The Hot Rats






“A change would do you good…I always knew it would.”  Gang of Four, Damaged Goods.

As covered by The Hot Rats on Turn Ons, the refreshingly exciting covers record from Gaz Coombes and Danny Goffey of the late great Supergrass.

The Hot Rats is something of a Supergrass swan song. A chance for the band to let their hair down after calling a day on their sparkling career. Granted, the record doesn’t feature former bassist and backing vocalist Mick Quinn, but it’s still packed full of the usual fun, charm and eccentricity that we’ve now come to expect from a Supergrass record. And it’s as joyful as it is touching.

Turn Ons sees the duo of Gaz and Danny give something back. Not to their fans, but to their heroes. It is a love letter. A thank you card. A doffing of their caps to the artists who inspired them. And boy is it inspiring. Well, it’s inspired me anyway.

In all, the selections are largely predictable to someone familiar with their previous work; Syd’s Pink Floyd, The Kinks, Bowie. In fact, aside from a brief nod stateside (a Who-tinged reworking of the Beastie Boys, crude takes on the Velvets and The Doors) The Hot Rats is an altogether British affair. So far, so Supergrass. All that seems to be missing from this very Supergrassy collective is a version of a Beatles tune, but have no fear, they knocked one of them out as a separate single as well. And if you’re expecting some Buzzcocks you’ll have to settle for the Pistol’s E.M.I – we can’t have it all our own way.

The song choices are daring, but never disrespectful. I’d previously thought that stone cold classic tunes such as The Cure’s Lovecats or Roxy Music’s Love is the Drug were borderline untouchable, but as The Hot Rats prove, it can be done and it can be done well. It isn’t patricularly complicated, they’re not trying to be clever. There is a low-fi, kinda ramshackle feel to the recordings which helps complement their humble intentions and is insanely good fun to boot.

The previously mentioned Lovecats is a blast. A raucous and scuzzy reworking which holds up well. On Damaged Goods they swap Gang of Four’s  distorted scratchy tones for acoustic guitars but it’s no campfire sing along. There’s just as much energy and grit as you’d find in the Stones’ Street Fighting Man or Violent Femmes’ Add It Up. But The Hot Rats have a tender side too. Pink Floyd’s Bike is sprinkled with all the delight and playfulness that the song requires. And on The Kinks’ understated classic Big Sky, Coombes delivers a touchingly meaningful vocal. Amongst all the head in the clouds crashing and bashing is the songs pivotal passage: “when I feel, that the world’s too much for me, I think of the big sky, nothing matters much to me.” It’s a beautiful moment. One that appeals to the daydreamer within me.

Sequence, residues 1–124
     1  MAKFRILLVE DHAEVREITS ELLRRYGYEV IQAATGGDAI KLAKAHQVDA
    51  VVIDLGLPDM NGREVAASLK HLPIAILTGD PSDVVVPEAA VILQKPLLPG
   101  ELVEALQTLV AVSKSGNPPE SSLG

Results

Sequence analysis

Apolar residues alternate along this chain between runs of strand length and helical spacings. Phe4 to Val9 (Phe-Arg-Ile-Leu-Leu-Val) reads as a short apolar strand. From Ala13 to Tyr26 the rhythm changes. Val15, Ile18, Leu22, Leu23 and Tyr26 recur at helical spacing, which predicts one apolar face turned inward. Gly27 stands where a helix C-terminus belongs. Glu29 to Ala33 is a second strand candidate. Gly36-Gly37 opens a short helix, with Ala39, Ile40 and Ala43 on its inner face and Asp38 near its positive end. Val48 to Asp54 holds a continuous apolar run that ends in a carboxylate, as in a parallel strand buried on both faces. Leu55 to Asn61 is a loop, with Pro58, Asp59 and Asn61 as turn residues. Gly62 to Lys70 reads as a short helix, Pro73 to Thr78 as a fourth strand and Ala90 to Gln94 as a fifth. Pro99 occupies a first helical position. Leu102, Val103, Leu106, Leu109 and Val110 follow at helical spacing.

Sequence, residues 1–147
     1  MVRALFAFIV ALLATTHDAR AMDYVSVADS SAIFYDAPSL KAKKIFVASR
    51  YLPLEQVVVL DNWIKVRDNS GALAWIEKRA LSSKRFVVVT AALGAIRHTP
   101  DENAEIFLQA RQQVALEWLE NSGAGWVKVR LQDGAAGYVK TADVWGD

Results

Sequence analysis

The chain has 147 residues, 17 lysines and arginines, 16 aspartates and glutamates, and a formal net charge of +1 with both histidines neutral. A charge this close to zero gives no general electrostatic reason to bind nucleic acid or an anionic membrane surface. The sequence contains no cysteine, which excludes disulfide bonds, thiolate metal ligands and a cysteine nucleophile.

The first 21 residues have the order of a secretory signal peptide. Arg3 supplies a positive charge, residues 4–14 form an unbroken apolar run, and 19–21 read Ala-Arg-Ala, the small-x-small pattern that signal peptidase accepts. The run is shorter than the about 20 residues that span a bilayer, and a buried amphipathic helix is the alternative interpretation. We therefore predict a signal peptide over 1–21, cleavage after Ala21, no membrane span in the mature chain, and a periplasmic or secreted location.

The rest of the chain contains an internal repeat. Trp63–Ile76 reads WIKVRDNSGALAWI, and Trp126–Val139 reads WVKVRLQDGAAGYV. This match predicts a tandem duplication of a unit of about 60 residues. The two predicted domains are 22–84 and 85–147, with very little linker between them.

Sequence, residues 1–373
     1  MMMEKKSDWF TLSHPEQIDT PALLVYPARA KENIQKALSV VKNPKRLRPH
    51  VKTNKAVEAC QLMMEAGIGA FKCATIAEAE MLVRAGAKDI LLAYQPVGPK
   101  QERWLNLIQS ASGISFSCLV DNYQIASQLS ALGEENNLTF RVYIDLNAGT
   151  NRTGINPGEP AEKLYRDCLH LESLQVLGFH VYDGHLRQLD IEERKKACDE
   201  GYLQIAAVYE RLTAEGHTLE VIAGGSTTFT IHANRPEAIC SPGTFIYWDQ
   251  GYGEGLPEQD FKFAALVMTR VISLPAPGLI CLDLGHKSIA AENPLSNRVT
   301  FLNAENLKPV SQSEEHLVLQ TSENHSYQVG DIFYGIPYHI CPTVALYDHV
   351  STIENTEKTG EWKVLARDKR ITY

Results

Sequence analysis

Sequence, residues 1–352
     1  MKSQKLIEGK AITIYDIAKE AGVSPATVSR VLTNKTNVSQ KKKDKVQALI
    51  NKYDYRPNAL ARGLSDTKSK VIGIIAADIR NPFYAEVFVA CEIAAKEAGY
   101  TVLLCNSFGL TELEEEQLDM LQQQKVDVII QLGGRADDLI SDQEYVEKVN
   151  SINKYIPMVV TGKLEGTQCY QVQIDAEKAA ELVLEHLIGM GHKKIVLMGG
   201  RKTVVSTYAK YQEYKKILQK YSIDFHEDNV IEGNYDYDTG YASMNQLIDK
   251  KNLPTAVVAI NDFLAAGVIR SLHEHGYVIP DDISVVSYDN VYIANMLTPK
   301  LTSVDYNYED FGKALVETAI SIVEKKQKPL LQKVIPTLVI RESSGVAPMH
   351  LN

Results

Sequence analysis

I was initially surprised that Coombes and Goffey’s tastes seemed so staggeringly similar to mine. Not only in the selection of artists, but in the song choices too. If I had to choose just one Cure tune it would be The Lovecats. If I had to pick just one Elvis Costello it would be Pump It Up. Bowie’s Queen Bitch has long been a secret I’ve wanted to keep for myself but I cannot stake any claim. These songs are, after all, from a previous generation to my teenage musical revolution.  So what part does my own musical upbringing play in my appreciation of all of this?

It’s simple really. Since my formative years of listening to Blur, Oasis and Supergrass I just can’t help but love the likes of Elvis Costello, David Bowie and The Cure. It was inevitable. So I guess in many ways you could argue that I don’t actually share musical taste with Coombes and Goffey at all. It’s more reasonable to say that along with the likes of Damon Albarn and the Gallagher’s, Supergrass helped to form my musical tastes, and fuck, you’d be right.

So where do The Hot Rats stand in the big bad world? How do they fit in? To tell you the truth, they couldn’t have made this at a more suitable time. Turn Ons is disposable. It isn’t to be taken too seriously. It is karaoke. It is jukebox. There are no underlying themes or transgressions. It is, therefore, iPod shuffle gold. In a world of X Factor instant gratification and mediocrity, The Hot Rats remind us that there is such a rich world of material out there for us to explore. But what is it about the cover version itself? Why the stigma within indie/rock circles? It never hurt The Beatles or the Stones. There seems to be a misguided conception today that to record a cover song is an admision of weakness. But I can only find strength in these here Turn Ons.  And a lot of bands today could do a lot worse than to stop preening their own nonsense for five minutes and put a little effort into producing a heartfelt nod to one of their heroes. It wouldn’t mean that they’d be selling out. It’d just mean that, yeah, there were bands before with cracking songs, and if only, if only they could’ve written something as good…

If you’re interested in what Gaz’s up to next. Head linkwards for a taste of his debut solo LP “Here Come the Bombs”

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